When Buying a Home, Don’t Spend Extra for These Features
Although certain features may be appealing, they’re not worth paying more for.
Buying a house is an emotional experience. Even though buyers know they should focus on what they actually need—perhaps three bedrooms or a large backyard—they can be tempted by unnecessary amenities that are pretty or chic or cool. But while those extras can make a house stand out, they can also entice buyers to pay more for a home than they should. Don’t let your emotions get the best of you: Never spend more for the following features.
High-end fixtures like fancy lights and faucets are sure to grab a buyer’s attention. But according to Patrick Garrett, a broker/owner in Birmingham, Alabama, buyers should never pay more for these items. “Though the fixtures may be promoted as a top-of-the-line commodity, these items may not be covered under typical home warranties.”
Well, since they are top-of-the-line products, they’ll last a long time, right? Not necessarily. “Just like standard fixtures, high-end fixtures are prone to break or malfunction as a result of faulty manufacturing,” Garrett explains. As well, he notes, it can be difficult to find replacement parts for some high-end fixtures, and those parts could prove to be relatively expensive.
Candice Williams, real estate agent at RE/MAX Space Center in League City, Texas, warns that fancy light fixtures can make a home look more expensive than it is and cautions against being seduced. “Don’t get drawn in by luxe chandeliers, fancy pendant lights, or dramatic sconces, because home improvement stores sell these and more for under $200.” Ditto for fancy shower heads: “For $100 or less, you can get a functional yet fancy shower head with all the bells and whistles—and it’s easy to install.”
Unusable Square Footage
Everyone loves more room, but according to Christopher Totaro, an agent at Warburg Realty in New York City, some of the square footage reflected in the asking price may not be usable. “If that space has no practical application, you will be paying for something that you won’t use and don’t need.” So, what are some examples of unusable square footage? “Things like long hallways or a closet that is huge but has unusable space for hanging or storage,” Totaro explains. “This is different from a long hallway that is wide and accommodating,” which serves as its own space and can even act as a gallery. Such a hallway justifies the expense, as does a true walk-in closet with plenty of usable storage space.
Speaking of closets, there’s a difference between paying more for closet space and paying more for closet organization systems. “If you’re unafraid of doing a bit of work yourself, you can easily make this storage solution into your very own DIY project,” says Michael DiMartino, senior vice president of installation services at Power Home Remodeling. “Expandable closet rods, wire shelves, and drawers are just some of the budget-friendly organization options sold separately at stores like Home Depot or Lowe’s.”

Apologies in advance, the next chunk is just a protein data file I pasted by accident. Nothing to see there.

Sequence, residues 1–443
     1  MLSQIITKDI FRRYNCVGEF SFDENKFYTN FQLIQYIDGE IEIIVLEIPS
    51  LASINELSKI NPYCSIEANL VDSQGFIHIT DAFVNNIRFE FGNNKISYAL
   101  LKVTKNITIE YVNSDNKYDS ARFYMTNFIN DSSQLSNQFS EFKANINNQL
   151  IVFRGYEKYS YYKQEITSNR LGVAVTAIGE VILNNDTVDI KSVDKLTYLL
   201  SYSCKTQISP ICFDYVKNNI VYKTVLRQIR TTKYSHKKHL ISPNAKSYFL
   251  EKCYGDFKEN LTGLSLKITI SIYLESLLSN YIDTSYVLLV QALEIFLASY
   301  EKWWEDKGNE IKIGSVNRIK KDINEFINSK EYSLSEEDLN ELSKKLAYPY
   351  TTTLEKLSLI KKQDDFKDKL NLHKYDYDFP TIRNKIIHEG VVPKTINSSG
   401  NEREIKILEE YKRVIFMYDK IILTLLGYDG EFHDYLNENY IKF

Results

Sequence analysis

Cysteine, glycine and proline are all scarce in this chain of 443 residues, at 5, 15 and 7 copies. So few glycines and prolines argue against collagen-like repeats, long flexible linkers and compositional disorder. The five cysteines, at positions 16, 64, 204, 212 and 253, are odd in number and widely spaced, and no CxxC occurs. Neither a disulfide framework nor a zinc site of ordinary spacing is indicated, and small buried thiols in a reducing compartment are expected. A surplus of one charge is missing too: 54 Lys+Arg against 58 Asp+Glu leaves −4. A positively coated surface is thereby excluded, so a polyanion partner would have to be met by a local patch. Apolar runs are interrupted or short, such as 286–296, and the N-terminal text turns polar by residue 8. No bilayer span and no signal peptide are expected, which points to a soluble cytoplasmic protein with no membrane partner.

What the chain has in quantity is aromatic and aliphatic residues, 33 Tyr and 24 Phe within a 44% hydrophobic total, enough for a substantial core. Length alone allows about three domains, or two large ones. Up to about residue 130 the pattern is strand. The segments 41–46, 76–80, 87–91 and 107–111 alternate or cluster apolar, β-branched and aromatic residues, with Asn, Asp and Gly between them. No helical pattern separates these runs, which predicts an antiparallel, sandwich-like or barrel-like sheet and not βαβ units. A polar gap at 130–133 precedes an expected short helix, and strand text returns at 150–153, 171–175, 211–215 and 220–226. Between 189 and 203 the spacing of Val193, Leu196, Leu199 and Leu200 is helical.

The Staged Effect
When sellers pay for home staging, they intend to recoup that expense through a higher sales price. They know that staged homes tend to sell for more (and faster) than non-staged homes. That said, Justin Riordan, interior designer, architect, and founder of the Portland, Seattle, and Los Angeles home staging company Spade and Archer Design Agency, warns against paying more for a home that has been well staged. (And he’s a stager, mind you!)
“The staging is the one thing that will no longer be there when you buy the house—and yet I see it happen all the time.” So how prevalent is this tendency? “We actually have a program for our multiunit sellers in which we move the model unit from one space to the next, over and over and over again, because inevitably the one that is staged is the one that sells the fastest and with the highest premium,” Riordan reveals.
It can be challenging to find the right window treatments for a new home, and sellers know that. “I have seen some sellers take into consideration how expensive their window treatments were to purchase and install,” says broker Becki Danchik of Warburg Realty in New York City. While she considers it a bonus if sellers decide to leave the window treatments when they sell, Danchik says that buyers shouldn’t assign them a lot of value when they’re bidding on a home.
Beautiful landscaping often attracts buyers. But according to Chris Fajkos, Realtor at Tahoe Mountain Realty in Truckee, California, you shouldn’t pay more for high-maintenance landscaping. It’s appealing but not essential. And there’s another reason why you might prefer to save your money. “In seasonal areas, it’s a daunting chore to keep up with.” When you realize you’re spending every weekend maintaining your perfect landscape, you might really regret having paid extra for it.
Outdoor Living Features
Just like stunning landscaping, luxurious outdoor living spaces tend to make an impression on buyers. “Outdoor television setups and automatic mechanical shades are nice but can actually overwhelm buyers with maintenance,” says Fajkos. And he notes that many buyers eventually choose to customize their outdoor spaces to suit their own lifestyle, anyway. You don’t want to spend extra for something that you may very well end up paying to have removed.